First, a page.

Carol Barton is almost here…
Carol has been consulting with CERF on a project called the Studio Protector, an emergency readiness and response toolkit for artists. This coming weekend, she’ll be leading a workshop that will involve the production of prototypes for testing by artists across the country. I’m really looking forward to the workshop.
Carol will be arriving at the airport tomorrow afternoon and I’ll be picking her up. I met her very briefly over a year ago at the Focus on Book Arts Conference in Forest Grove, Oregon, but I’m pretty sure that she won’t recognize me. I decided that I’d have to make a sign with her name on it (a must for important people!).
Here’s what I have so far:
The letters are made of misprints of the Studio Protector. I plan to embellish it more tomorrow at work. If you’re in the Burlington, Vermont area on Friday evening, don’t miss Carol’s free lecture at the University of Vermont. Details follow.
The Craft Emergency Relief Fund and the Special Collections Department of the Bailey/Howe Library at the University of Vermont are pleased to announce a co-sponsored lecture with renowned paper engineer and book artist, Carol Barton: The History of Pop-Up and Movable Books.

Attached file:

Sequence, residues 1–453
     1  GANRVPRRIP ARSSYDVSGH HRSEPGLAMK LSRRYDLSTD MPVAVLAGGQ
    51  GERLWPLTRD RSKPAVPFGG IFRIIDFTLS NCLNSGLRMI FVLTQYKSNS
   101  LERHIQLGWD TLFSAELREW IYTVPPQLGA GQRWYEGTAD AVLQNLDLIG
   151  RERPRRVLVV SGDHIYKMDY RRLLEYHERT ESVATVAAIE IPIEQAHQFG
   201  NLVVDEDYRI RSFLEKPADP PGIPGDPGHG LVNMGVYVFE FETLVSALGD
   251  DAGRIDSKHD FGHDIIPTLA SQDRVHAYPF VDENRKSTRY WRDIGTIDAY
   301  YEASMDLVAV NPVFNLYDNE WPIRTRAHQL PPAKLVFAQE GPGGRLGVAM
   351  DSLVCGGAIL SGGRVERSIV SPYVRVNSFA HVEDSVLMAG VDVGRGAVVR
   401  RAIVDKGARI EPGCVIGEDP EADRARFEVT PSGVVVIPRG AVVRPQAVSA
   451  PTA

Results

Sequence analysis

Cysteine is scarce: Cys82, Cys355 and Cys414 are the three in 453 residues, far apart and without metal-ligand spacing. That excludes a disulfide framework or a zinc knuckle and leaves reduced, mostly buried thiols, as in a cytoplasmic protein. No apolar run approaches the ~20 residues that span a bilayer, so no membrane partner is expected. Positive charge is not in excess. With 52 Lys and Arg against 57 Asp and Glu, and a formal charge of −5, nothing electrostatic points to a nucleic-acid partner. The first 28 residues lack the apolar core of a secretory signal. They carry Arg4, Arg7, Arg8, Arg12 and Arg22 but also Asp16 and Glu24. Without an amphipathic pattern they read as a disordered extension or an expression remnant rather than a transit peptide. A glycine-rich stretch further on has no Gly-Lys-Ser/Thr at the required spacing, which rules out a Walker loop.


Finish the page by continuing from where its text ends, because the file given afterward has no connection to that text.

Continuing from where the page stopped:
This 50-minute slide show begins with the development of movable page formats within early Renaissance science texts that employ volvelles and lift-up flap mechanisms. Movable illustrations from astronomical, navigational, mathematical and medical books will be shown. The presentation will also include a discussion of childrens’ pop-up books from the 19th and 20th centuries, along with examples of current commercial and artist-made dimensional books. The lecture includes discussions of die-cutting and hand-assembly processes used in the modern manufacture of pop-up books.
Friday, September 12, 2008 at 7:00 p.m.
Special Collections Department, located on the lower level of the Bailey/Howe Library University of Vermont Burlington, VT
Event is free and open to the public.
Parking is available at the visitor parking lot on College Street near the intersection of South Prospect Street. The lot is free in the evening. Handicap parking is available outside Bailey/Howe Library. The UVM campus map shows campus buildings and visitor parking.
Special Collections at the University of Vermont:
Phone: (802) 656-2138